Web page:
Over my career, I’ve often been asked by potential clients for advice on how to pick the best event fundraising consultant. Initially, the question left me a bit bemused – after all, as the President and CEO of an event fundraising company myself, I could hardly be called an impartial observer! Well, let’s see… um, pick me!

But I have grown to understand the question. As event fundraising programs have become more successful, they have become a more important part of a nonprofit’s fundraising portfolio. This importance means many groups are looking for clearer guideposts. And, with increasing success comes increasing competition – more and more groups are entering the space, and there’s a need for a better roadmap. 

Here are a few suggestions. 

  • Area of Focus. Does the firm focus specifically on event fundraising in the nonprofit space? Many marketing and event production firms occasionally dip their toe into event fundraising. These forays seldom work. Producing concerts, competitive races, or product launches is often impressive and complicated work – but it isn’t event fundraising. Event fundraising is a specific discipline that involves creating an impactful experience to reflect an organization’s mission and coupling it with an effective, directed ask for support. It is one thing to create a fun event to sell a new product that someone may want or need; it is something altogether different to create a moving experience that convinces someone to contribute money out of generosity and empathy. Look for a firm with specific competency and experience in coupling event production with fundraising; this means experience not only in traditional marketing, but also in traditional fundraising practices as well. A good event fundraising firm understands the development pyramid and can speak to issues like donor retention and donor migration.
  • Professional Affiliations and Certifications. Following from the above, a legitimate event fundraising firm will have affiliations to prove it. Is the firm (and its principals) a member of AFP? APRA? The Giving Institute? And, has the staff spent time studying the discipline? Many of our consultants have or are pursuing certifications from the Fundraising School at the Center of Philanthropy at Indiana University. Similarly, we ask our project managers to pursue PMP certifications.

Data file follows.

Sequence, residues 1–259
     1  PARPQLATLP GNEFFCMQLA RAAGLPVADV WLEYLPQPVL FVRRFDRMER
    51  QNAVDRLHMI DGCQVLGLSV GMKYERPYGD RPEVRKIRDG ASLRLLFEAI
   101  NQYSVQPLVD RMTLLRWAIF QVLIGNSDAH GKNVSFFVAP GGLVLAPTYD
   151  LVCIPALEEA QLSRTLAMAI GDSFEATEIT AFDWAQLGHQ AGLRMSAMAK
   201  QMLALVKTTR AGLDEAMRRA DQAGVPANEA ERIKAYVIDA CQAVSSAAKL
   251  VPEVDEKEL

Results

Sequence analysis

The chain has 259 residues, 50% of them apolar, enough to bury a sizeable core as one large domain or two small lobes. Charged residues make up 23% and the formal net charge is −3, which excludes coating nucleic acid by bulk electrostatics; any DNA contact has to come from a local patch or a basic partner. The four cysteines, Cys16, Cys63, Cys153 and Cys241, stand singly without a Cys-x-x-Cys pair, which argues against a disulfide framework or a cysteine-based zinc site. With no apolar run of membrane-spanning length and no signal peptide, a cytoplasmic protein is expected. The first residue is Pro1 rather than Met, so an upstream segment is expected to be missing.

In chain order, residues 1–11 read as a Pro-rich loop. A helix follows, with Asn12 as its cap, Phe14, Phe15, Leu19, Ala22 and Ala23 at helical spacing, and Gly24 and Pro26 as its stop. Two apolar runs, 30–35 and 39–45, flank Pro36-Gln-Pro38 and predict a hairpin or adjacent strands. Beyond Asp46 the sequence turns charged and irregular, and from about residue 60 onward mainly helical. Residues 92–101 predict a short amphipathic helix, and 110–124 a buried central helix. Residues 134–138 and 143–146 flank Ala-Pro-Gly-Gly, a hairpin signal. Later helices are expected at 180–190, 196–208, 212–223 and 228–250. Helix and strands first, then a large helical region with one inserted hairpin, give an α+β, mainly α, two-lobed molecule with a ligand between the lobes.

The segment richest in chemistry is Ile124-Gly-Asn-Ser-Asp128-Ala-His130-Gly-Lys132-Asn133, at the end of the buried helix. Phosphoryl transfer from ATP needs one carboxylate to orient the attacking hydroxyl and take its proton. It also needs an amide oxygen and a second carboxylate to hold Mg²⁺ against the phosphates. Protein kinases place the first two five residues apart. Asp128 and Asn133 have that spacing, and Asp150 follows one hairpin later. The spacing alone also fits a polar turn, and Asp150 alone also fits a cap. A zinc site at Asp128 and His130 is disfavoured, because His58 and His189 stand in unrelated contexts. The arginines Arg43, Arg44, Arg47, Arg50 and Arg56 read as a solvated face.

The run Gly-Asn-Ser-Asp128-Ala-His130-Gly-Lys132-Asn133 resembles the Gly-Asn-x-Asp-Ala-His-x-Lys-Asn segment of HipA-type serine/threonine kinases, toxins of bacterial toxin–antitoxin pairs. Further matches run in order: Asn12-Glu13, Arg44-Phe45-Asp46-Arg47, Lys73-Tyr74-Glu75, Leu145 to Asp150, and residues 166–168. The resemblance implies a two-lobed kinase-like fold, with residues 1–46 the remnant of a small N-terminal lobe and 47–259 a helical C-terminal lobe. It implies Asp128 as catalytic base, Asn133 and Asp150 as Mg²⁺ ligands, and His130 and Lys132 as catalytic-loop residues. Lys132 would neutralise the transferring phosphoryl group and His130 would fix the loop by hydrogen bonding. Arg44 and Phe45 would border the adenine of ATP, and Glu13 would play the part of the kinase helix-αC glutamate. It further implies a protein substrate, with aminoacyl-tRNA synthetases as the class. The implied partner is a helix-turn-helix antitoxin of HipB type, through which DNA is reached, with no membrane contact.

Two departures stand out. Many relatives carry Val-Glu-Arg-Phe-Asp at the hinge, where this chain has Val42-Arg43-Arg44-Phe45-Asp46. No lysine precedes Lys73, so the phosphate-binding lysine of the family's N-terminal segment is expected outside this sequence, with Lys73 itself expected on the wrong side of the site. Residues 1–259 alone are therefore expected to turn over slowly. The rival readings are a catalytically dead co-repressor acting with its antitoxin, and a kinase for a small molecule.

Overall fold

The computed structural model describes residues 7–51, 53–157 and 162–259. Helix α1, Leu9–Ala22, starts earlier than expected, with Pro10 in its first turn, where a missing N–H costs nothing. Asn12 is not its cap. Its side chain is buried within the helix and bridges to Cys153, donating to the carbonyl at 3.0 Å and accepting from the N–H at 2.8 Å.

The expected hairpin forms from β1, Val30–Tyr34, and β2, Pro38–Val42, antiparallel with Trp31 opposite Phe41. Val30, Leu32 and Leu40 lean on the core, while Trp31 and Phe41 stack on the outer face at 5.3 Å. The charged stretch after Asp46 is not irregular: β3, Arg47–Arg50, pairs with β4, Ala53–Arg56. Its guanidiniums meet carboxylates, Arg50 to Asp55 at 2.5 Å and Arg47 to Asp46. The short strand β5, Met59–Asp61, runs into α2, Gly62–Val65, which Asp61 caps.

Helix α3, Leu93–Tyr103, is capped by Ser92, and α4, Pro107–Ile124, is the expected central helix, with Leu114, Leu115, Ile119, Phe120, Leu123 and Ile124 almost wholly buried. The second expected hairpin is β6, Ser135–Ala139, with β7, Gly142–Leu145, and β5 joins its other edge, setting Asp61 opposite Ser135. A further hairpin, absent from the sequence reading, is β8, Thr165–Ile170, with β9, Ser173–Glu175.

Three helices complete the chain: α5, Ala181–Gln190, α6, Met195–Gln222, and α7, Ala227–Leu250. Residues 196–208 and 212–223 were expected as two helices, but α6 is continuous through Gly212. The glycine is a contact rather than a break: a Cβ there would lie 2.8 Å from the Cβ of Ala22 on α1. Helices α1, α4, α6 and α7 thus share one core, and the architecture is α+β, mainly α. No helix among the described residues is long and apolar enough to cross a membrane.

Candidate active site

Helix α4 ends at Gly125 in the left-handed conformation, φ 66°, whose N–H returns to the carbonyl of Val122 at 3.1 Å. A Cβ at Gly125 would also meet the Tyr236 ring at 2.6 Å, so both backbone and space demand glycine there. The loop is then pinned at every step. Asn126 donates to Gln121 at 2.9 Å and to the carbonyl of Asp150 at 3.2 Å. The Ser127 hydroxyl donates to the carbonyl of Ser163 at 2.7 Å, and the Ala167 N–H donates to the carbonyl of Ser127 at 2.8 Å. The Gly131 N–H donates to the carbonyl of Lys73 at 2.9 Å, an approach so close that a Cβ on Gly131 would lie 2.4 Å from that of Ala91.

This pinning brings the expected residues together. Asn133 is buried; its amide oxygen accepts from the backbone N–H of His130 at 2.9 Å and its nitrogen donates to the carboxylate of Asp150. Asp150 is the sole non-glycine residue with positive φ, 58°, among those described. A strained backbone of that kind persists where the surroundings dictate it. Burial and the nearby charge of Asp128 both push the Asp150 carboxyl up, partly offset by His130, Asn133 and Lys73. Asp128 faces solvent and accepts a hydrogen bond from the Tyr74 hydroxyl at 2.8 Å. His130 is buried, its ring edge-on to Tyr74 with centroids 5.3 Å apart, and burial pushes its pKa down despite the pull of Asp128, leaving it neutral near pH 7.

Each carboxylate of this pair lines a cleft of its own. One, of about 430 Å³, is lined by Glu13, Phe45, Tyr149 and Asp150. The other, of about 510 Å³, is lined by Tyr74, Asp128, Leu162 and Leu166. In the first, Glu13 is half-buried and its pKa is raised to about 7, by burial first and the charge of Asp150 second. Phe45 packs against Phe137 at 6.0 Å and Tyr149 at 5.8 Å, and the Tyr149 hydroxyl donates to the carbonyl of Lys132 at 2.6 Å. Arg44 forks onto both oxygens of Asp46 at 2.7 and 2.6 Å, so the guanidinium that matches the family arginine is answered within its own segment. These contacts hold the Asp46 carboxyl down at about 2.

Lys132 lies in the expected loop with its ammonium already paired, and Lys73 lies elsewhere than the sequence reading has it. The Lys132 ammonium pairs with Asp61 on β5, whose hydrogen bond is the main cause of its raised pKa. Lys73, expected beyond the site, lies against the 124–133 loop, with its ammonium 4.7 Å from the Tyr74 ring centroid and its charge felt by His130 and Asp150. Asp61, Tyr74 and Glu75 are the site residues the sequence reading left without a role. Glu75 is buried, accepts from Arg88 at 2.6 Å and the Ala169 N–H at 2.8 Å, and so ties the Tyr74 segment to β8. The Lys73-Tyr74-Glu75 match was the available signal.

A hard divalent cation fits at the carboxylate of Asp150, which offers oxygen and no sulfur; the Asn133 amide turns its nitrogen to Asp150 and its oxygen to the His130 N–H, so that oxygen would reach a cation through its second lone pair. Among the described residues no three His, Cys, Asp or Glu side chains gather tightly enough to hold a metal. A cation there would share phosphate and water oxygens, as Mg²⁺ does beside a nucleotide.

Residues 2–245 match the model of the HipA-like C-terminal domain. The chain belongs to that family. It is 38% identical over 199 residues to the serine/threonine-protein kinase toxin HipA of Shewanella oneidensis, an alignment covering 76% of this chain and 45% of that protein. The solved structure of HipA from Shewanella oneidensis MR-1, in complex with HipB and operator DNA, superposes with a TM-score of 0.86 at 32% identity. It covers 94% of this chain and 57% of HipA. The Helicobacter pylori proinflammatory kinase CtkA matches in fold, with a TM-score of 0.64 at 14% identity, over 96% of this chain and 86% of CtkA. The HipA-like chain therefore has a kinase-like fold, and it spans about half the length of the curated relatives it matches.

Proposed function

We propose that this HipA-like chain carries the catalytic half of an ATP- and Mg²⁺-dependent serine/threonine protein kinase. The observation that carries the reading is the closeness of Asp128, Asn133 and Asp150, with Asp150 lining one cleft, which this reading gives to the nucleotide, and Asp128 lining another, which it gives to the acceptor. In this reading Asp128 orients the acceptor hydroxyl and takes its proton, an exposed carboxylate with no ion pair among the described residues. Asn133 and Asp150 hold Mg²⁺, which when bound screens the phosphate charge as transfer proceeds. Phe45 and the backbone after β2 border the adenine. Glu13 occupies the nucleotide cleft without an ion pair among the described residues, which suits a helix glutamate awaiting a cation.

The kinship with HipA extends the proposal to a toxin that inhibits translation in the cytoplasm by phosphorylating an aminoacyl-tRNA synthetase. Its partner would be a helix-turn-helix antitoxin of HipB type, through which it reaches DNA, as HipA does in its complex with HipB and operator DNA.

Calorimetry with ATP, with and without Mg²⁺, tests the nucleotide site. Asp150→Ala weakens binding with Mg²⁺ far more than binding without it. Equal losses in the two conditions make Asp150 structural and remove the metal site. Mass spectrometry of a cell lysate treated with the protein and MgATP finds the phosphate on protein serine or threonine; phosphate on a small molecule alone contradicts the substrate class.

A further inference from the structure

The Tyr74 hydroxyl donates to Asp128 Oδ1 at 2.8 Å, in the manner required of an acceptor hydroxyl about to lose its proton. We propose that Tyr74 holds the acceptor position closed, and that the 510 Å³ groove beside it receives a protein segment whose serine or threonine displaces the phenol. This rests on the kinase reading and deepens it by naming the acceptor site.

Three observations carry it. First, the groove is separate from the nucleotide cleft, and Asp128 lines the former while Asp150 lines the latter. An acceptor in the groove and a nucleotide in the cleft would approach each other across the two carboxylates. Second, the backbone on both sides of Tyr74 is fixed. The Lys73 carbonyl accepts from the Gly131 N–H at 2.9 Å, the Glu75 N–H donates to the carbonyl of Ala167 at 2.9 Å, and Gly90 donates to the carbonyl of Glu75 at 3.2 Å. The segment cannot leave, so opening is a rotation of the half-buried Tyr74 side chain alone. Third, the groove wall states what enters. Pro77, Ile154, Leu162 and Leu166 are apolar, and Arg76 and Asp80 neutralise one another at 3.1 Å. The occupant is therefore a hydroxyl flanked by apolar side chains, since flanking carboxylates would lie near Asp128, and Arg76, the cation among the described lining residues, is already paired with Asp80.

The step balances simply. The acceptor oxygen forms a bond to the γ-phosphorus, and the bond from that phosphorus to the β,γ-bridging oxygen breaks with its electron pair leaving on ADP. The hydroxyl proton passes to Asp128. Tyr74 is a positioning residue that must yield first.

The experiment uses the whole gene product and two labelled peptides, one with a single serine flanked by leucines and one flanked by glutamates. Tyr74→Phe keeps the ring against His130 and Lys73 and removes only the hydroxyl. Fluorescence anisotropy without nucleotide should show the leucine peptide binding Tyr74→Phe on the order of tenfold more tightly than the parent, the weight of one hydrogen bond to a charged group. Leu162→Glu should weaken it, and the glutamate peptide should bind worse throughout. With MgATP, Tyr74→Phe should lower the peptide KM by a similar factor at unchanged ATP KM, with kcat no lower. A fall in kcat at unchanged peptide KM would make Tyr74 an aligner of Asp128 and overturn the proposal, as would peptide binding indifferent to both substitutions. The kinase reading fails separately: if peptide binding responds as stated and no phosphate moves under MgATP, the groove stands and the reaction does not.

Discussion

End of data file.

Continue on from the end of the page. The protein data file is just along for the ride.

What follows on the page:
• Industry Familiarity. Here’s a quick litmus test: What magazines are sitting on the waiting room coffee table? Do you see the latest issues of The Chronicle of Philanthropy, the Stanford Social Innovation Review, and the Journal of the Nonprofit DMA Foundation? Or do you see AdWeek and Fast Company? There’s nothing wrong with the latter two publications – I read both of them, plus Fortune, the Harvard Business Review, and many others. But I spend a lot of time learning about the nonprofit space.
  • Methodology. Can the consultant tell you how they will approach their work? What is their process, and how is it monitored? What tools and frameworks do they use, and have those been reviewed by peers in a public setting, or are they proprietary? My experience is that there is little in the space that is actually proprietary; almost everything is derivative. I mean that in a good way. The most effective tools, methods, and approaches are adapted and improved from earlier, tested work. Event fundraising, at its core, is fundraising, and there are many proven tools and approaches that have been tested, published, and refined.
  • Fees. As you begin to talk with a firm, do not hesitate to discuss fee structure right up front. In fact, doing so can save you much consternation later. 
    • How much? A good event fundraising firm will be able to tell you a range for their fees, and be willing to refer you to another group if your needs do not match their usual profile (more on that below).